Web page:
Location, Location, Location – Is re-shoring the new trend?
As noted in a recent blog post, companies have been contemplating the idea of moving their manufacturing from China back to home territories, and re-shoring.
In line with the growing trend, in March this year, British noodle Manufacturer Golden Wonder, announced it would be moving its production from China to the UK. More British companies seem likely to follow suit.
The latest news comes from a recent survey of 1,124 UK firms, conducted by Versapak. They reported that 67% of respondents admitted that they would make enquiries into bringing manufacturing from China, back to the UK or Europe. A further two fifths of the companies surveyed said they were already in talks, in regards to transferring production back to home-soil.
When asked for the reasoning behind the move back home, 48 percent of respondents said both difficulties in communication and price increases were the biggest problem areas. Long lead times were the third biggest issue.
For more information, click here.
Ignoring risk – an all too common occurrence
Recent research published by the MIT Forum for Supply Chain and PwC has revealed that about 60 percent of companies only pay “marginal attention” to reducing risk in the supply chain. Further enquiries also unveiled that only 40 per cent of businesses are investing in more progressive methods for risk mitigation.
David Simchi-Levi, the academic who founded the forum, added that companies which invest in supply chain flexibility are more resilient to disruption, compared with companies that only invest in protective methods.
MIT additionally developed five key principles, in response to their findings. To read how companies should more successfully mitigate risks in their supply chain, click here.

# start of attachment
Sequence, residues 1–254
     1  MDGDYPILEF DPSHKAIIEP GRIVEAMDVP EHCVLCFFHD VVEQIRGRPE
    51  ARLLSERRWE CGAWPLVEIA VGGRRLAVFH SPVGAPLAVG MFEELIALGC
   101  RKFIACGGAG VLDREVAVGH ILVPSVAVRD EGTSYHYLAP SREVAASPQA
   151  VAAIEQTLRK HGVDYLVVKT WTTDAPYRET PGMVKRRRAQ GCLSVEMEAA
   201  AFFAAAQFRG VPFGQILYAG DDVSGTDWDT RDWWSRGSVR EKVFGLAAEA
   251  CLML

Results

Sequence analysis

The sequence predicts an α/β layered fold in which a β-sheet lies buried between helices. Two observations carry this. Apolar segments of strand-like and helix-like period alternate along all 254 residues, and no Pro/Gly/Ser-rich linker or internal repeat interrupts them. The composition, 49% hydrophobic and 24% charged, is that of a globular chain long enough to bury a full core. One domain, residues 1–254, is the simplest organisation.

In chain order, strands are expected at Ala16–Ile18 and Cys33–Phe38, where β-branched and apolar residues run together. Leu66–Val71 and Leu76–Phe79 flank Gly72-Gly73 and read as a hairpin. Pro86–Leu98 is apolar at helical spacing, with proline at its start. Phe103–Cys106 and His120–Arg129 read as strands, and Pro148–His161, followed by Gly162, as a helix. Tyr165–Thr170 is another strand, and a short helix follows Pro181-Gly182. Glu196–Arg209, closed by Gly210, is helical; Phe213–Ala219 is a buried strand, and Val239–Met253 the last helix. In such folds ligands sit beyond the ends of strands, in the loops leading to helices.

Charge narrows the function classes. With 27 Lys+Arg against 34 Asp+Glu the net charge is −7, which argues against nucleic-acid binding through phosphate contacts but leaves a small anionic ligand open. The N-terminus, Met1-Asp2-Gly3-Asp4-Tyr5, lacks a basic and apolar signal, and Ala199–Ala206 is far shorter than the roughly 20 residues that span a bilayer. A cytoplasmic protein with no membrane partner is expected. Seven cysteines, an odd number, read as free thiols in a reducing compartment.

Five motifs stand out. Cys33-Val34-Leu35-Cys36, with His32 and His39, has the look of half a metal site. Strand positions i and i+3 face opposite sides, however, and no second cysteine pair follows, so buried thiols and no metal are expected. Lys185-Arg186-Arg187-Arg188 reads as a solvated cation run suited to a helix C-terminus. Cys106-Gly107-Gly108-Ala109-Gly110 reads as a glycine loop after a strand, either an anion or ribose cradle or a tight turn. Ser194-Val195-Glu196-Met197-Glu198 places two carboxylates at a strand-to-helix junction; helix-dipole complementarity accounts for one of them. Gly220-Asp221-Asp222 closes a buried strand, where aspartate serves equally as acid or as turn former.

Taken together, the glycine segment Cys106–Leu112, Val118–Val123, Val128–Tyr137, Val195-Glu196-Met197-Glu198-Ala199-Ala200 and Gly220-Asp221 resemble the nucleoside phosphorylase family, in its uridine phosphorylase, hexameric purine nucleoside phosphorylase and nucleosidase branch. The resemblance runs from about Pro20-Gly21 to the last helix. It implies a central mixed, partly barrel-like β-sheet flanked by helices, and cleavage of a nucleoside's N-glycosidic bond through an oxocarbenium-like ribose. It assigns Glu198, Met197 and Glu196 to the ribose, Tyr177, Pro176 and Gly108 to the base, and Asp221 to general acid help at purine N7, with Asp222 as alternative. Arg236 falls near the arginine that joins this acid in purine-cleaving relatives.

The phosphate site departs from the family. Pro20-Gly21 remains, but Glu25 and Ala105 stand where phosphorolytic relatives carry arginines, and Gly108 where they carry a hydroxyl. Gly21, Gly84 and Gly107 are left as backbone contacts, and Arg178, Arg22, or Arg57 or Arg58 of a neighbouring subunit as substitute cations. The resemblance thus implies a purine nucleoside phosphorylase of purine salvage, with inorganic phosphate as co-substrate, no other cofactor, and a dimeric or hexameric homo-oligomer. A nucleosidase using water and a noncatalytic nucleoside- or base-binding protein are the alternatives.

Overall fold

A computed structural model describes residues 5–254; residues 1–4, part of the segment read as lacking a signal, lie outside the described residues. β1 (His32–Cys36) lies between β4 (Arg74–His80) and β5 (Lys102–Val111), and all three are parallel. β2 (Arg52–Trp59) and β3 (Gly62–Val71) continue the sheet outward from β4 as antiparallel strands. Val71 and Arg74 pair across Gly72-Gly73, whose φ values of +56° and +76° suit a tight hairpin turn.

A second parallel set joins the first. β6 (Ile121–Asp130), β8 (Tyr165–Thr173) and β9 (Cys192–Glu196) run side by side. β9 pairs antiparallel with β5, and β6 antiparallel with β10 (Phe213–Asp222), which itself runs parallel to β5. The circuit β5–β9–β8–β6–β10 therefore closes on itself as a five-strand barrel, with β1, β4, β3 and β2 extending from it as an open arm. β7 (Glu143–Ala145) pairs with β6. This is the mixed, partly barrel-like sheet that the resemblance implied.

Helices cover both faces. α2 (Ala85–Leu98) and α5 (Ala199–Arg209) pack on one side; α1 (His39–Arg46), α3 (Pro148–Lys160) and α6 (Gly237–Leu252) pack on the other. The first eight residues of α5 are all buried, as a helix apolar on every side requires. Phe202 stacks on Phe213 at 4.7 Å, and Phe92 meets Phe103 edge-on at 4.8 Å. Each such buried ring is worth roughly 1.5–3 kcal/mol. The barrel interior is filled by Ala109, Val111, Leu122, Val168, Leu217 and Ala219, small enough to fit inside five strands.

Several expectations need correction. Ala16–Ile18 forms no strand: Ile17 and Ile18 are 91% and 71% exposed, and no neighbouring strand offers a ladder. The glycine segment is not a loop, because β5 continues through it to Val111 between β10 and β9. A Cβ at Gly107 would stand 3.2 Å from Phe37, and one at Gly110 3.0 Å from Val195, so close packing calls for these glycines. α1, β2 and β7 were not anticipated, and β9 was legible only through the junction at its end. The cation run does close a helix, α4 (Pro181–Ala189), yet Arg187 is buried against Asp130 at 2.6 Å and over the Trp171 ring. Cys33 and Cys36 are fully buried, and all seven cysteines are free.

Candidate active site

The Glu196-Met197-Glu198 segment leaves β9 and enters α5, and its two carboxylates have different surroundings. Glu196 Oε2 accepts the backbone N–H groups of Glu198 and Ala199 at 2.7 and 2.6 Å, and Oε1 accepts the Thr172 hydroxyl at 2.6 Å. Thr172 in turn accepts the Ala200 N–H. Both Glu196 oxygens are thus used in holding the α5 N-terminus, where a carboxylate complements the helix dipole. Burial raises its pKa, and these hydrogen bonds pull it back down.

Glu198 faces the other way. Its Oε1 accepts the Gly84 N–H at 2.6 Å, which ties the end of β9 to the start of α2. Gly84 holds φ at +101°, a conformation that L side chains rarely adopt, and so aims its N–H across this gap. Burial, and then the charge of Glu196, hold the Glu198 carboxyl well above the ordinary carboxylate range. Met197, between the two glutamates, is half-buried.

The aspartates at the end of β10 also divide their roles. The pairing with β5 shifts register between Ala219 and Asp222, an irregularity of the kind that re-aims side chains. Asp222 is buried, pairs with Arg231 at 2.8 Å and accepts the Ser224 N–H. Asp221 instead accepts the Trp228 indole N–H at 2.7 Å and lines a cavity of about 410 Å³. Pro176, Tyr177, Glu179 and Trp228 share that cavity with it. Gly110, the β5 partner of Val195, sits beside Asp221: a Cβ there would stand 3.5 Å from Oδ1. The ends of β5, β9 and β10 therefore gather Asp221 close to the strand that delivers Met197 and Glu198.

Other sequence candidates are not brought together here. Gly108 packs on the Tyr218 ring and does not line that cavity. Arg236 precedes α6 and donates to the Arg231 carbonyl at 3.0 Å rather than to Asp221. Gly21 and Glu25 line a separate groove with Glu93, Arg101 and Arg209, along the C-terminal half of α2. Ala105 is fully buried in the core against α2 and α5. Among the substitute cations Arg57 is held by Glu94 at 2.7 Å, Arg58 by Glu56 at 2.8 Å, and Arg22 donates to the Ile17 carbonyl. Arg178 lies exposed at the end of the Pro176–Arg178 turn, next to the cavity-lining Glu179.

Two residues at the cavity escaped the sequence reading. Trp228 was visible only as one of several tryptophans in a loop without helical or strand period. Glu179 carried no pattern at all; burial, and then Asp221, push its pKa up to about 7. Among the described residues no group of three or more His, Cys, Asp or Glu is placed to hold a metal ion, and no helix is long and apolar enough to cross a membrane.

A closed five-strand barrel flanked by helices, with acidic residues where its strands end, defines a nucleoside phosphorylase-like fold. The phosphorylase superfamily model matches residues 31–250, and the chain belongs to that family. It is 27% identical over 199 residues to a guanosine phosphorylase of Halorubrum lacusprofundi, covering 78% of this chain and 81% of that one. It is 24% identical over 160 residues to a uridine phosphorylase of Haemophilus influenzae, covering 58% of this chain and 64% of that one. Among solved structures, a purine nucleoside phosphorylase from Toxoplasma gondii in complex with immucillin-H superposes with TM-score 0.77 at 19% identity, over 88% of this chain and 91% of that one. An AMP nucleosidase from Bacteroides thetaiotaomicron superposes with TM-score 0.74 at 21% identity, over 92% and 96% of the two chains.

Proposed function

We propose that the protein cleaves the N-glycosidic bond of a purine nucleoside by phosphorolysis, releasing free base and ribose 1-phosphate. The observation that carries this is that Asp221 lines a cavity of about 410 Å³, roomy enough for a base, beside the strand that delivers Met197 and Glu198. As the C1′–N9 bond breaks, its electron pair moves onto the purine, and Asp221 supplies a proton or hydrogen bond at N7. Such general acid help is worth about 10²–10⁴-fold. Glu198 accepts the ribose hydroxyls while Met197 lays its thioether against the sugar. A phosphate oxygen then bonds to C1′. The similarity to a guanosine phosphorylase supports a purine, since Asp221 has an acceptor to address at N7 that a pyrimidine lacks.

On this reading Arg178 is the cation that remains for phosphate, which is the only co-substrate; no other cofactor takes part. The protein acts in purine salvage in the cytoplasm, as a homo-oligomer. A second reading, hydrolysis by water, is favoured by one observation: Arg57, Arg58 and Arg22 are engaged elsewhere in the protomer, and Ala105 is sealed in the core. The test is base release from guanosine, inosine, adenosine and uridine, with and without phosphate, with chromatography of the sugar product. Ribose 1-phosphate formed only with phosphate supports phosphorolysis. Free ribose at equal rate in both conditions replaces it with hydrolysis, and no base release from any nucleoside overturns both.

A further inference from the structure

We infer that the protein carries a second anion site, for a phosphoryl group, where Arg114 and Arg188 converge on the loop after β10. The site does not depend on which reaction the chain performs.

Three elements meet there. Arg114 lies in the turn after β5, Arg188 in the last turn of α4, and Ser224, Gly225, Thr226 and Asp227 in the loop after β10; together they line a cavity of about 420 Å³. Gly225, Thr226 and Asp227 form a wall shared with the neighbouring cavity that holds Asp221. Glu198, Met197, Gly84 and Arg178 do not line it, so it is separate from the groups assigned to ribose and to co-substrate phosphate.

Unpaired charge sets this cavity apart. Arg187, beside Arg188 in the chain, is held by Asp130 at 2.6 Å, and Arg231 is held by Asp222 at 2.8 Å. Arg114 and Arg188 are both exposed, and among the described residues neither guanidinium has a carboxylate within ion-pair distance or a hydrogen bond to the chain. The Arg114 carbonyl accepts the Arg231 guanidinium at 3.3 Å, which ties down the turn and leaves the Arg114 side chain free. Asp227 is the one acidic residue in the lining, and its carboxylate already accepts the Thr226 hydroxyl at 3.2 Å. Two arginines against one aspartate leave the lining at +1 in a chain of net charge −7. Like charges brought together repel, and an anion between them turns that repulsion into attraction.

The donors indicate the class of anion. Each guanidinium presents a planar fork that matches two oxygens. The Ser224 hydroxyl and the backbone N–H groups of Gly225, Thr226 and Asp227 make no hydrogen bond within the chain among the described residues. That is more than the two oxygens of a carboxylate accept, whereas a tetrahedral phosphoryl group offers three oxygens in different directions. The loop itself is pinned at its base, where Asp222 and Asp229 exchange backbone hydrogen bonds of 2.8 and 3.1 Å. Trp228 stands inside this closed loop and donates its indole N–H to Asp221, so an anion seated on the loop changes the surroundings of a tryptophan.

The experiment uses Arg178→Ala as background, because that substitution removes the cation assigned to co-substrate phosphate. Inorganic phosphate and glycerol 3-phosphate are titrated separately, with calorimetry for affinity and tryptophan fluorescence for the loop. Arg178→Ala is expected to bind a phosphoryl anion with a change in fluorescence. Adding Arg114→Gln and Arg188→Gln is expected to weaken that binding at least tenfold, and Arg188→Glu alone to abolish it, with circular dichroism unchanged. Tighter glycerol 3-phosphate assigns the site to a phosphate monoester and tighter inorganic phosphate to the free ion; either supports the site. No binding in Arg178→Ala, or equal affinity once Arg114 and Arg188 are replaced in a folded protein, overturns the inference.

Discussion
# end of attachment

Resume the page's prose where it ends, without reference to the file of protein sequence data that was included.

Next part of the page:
¿¡Viva la revolución…!?
For a number of years, Mexico has extracted huge amounts of oil from its shallow waters in the Southern Gulf with relative ease. Those lucrative supplies are however soon set to run out. To complicate matters, Petróleos Mexicanos, or PEMEX, the state-owned oil company lacks both the technical expertise and resources to even explore the much harder to reach deposits, found in the deep waters of the Gulf of Mexico; let alone extract the oil found there.
With Mexico’s oil production falling from 3.8 million barrels to 2.9 million barrels in 2011, Mexico faces the prospect of becoming an oil importer, instead of an exporter by 2020.
In an interesting turn of events, Mexico’s president Enrique Peña Nieto, hopes to implement revolutionary constitutional reforms, to solve the supply chain issue. The president seeks to allow foreign companies to invest in the state-owned PEMEX, to increase Mexico’s oil production. These foreign companies can then explore and produce petroleum in conjunction with the Mexican government and its oil company. They will then be paid a comparable amount in cash, for the oil they produce.
The proposed reforms are not without controversy. The nationalized Mexican oil industry was for years seen as a proud symbol of economic independence. Furthermore, Mexican law forbids American companies from sharing in the profits of the oil they produce.
To read more, click here.
Have a great weekend!